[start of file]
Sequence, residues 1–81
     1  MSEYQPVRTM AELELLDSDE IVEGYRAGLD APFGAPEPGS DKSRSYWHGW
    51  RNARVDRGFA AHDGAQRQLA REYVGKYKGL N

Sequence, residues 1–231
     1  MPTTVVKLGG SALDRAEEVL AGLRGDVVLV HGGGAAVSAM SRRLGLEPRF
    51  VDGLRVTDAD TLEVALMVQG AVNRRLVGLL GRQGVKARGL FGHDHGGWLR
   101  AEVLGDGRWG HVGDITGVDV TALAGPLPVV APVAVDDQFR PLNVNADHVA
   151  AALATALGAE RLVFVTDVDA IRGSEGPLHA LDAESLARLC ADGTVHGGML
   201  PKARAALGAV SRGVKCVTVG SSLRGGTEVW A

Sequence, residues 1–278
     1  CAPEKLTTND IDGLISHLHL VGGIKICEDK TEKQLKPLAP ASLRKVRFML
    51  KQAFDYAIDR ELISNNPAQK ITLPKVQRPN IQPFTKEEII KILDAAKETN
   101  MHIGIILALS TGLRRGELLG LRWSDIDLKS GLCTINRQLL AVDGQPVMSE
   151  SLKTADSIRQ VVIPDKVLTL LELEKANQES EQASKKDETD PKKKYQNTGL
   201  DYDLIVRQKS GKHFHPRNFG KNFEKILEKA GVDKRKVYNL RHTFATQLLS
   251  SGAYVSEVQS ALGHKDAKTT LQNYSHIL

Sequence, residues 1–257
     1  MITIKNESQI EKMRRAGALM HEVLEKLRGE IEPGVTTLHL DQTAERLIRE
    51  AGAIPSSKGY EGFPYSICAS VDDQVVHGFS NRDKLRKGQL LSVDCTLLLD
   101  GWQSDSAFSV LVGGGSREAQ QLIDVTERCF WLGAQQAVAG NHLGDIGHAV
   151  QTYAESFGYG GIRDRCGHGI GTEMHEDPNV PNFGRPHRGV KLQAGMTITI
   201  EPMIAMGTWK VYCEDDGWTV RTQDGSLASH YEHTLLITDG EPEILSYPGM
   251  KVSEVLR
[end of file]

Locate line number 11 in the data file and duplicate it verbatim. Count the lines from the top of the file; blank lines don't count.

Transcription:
     1  CAPEKLTTND IDGLISHLHL VGGIKICEDK TEKQLKPLAP ASLRKVRFML